However, these drugs have side effects, minor or major, with respect to the drug used and also taking into account comorbidity, linked to associated diseases. There are numerous studies that indicate which of these prophylactic drugs are more recommended for the best risk-benefit ratio, which leads to a choice of the appropriate drug for each patient. In the recent years, a new class of migraine prophylactic drugs emerging are so called endocannabinoids (1). They are substances that stimulate cannabinoid receptors in the central nervous system, the endocannabinoid system, consisting of neuromodulatory lipids, endogenous substances, and involved in a variety of neurophysiological processes as cognitive as well as autonomic functions (2, 3). Now, it is known that their modulation action on the migraine as well as pain has been shown to have a relationship with the endocannabinoid system. The reason can be explained in the action on mechanisms of trigeminal-vascular system, a regulating and modulating pain system, as supposed to a migraine without aura or in the implication in process of cortical spreading depression (CSD), as hypothized in migraine aura (4, 5). Anandamide, also known as N-arachidonoylethanolamide (AEA), a fatty acid neurotransmitter, for example, was deemed able to potentiate the 5-HT1A receptors, proving effective in preventive migraine treatment and its positive effects have been demonstrated also in spinal diseases, fibromyalgia, and others. Apropos, reduced levels of AEA in the cerebrospinal fluid (CSF) were found in migraineurs, confirming an impairment of the endocannabinoid system in these patients. Palmitoylethanolamide (PEA), endogenous fatty acid amide, is another substance that intervenes in the processes of neuroinflammation, used in neuropathic pain and recently, successfully, in a rare and severe type of headache, such as the nummular headache (6, 7). PEA is an aliamide or amide ALIA-effect (autacoid local inflammation antagonism) term introduced by Professor Rita Levi-Montalcini, whereby substances locally produced have a protective role to inflammation. Particularly, PEA plays an important role in neuroinflammation, modulating the action of glia and mastcells and mantaining cellular homeostasis. Stimulation of the trigeminal vascular system causes neuroinflammatory process with release on neuropeptides as substance P, 5-HT, calcitonine G-related peptide (CGRP). In short, PEA is an anti-inflammatory agent, in regards to the migraine syndrome is a resource not yet fully exploited. These drugs are administered in addition to prophylaxis medications already taken, the purpose is to administer them alone. Migraine is a chronic and often debilitating pathology, which needs prophylactic treatment, hence the need to find effective and safe substances. Therefore, modulate endocannabinoid system, which is considered the basis of neuroinflammation processes, can be a suggestive therapeutic option. Numerous studies are in progress, however, the prospects are encouraging, due to the fact that the data of the literature, regarding the use of endocannabinoids in several diseases of the nervous system, have demonstrated validity, effectiveness, and absence of adverse effects. Therefore it is important to follow this procedure and future studies are necessary for maximum efficency in the research and confirming their importance.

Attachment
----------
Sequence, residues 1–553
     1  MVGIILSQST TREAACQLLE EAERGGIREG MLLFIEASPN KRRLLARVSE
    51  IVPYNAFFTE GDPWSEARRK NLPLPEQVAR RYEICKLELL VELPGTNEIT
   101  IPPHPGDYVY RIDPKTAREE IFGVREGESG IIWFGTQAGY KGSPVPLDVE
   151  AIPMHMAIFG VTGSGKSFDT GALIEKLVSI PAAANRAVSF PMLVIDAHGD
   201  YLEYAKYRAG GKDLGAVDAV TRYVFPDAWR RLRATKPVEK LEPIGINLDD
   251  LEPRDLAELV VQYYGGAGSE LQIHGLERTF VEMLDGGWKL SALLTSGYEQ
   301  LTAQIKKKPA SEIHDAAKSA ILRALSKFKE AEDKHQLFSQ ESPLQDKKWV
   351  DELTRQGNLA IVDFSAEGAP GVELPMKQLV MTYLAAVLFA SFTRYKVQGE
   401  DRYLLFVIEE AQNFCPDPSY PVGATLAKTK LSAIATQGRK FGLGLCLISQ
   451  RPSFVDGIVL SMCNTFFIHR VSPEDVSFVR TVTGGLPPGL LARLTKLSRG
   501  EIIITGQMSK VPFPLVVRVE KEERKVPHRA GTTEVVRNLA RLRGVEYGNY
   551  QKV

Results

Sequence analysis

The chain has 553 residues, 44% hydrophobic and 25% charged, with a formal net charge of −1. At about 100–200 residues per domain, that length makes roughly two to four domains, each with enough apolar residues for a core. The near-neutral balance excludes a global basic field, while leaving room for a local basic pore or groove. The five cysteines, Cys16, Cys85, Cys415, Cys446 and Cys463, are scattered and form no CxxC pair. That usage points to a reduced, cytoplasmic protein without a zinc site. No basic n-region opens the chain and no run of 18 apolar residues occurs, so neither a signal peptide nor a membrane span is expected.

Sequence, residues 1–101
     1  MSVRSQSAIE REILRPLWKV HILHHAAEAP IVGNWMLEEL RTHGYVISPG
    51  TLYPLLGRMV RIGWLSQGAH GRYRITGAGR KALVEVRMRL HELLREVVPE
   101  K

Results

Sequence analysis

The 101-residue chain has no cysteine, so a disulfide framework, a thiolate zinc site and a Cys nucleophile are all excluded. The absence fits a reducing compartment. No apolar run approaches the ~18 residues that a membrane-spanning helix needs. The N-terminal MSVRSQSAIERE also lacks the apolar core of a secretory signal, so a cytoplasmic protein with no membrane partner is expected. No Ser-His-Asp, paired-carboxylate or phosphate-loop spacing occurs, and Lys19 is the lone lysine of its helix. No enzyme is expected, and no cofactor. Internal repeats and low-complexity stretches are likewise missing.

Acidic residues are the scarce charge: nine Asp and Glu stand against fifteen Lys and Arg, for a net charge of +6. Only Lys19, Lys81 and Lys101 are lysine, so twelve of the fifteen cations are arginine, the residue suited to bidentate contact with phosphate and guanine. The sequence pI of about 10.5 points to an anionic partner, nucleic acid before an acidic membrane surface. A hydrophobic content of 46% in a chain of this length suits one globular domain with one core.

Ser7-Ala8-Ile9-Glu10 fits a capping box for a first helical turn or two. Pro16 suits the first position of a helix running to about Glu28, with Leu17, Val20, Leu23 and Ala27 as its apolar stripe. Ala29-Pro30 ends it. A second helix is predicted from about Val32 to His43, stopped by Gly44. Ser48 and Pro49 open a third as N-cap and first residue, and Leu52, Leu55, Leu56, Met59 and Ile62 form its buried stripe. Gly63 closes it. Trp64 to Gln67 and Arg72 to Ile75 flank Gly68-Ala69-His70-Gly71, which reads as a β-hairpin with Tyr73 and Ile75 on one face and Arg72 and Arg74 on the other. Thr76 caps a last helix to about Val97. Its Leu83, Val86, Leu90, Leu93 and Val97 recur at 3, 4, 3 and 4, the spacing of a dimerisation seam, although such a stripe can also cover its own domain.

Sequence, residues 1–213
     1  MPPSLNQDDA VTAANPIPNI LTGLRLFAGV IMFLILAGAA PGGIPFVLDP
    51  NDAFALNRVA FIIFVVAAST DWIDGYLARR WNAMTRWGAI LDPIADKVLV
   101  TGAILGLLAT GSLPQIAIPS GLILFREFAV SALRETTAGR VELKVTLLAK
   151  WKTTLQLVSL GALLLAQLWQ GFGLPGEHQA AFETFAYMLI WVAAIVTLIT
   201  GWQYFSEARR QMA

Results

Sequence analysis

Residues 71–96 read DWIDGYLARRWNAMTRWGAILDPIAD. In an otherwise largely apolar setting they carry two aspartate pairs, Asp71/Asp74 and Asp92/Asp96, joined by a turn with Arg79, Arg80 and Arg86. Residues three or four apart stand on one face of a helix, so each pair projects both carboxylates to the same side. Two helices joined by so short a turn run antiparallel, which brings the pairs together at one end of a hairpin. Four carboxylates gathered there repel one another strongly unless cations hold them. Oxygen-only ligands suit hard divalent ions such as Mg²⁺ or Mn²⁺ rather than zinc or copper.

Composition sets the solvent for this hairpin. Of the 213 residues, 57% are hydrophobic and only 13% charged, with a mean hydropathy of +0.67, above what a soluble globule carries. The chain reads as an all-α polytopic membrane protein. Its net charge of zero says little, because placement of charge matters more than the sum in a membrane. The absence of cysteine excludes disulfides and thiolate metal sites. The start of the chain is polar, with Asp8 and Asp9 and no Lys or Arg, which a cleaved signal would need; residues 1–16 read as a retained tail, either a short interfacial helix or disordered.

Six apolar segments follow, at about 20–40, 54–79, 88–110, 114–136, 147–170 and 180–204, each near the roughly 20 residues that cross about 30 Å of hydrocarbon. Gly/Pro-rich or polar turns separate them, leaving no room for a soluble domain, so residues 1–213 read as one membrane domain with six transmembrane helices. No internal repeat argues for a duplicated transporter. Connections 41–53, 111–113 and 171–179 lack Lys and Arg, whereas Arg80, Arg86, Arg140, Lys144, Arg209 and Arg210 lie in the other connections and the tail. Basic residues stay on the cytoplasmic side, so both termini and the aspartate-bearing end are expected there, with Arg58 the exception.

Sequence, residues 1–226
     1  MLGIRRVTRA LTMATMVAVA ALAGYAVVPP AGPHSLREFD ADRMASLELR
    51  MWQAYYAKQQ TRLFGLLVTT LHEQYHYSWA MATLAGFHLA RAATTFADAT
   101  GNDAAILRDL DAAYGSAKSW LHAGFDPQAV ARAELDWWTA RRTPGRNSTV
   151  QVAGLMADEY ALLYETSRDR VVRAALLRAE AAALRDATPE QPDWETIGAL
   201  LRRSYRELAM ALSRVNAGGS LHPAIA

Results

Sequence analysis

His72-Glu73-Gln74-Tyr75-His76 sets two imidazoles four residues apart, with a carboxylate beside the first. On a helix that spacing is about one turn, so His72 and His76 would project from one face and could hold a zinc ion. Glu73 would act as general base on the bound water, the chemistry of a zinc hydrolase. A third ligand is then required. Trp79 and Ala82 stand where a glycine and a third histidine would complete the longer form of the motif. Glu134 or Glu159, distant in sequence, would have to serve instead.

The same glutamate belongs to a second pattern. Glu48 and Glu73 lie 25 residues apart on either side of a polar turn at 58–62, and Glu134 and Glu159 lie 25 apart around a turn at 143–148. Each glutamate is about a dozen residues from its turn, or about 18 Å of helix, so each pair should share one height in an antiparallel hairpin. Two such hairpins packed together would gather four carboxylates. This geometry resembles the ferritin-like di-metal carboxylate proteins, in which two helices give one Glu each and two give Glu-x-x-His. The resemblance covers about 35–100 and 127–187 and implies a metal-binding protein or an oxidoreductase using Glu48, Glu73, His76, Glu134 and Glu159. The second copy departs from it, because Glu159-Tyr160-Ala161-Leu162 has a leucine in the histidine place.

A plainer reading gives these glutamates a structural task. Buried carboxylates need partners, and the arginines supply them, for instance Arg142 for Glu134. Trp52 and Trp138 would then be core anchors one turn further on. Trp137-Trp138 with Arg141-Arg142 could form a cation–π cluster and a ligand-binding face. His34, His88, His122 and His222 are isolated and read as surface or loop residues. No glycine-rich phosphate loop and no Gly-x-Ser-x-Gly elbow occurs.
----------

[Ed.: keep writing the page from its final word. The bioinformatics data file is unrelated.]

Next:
Footnote

References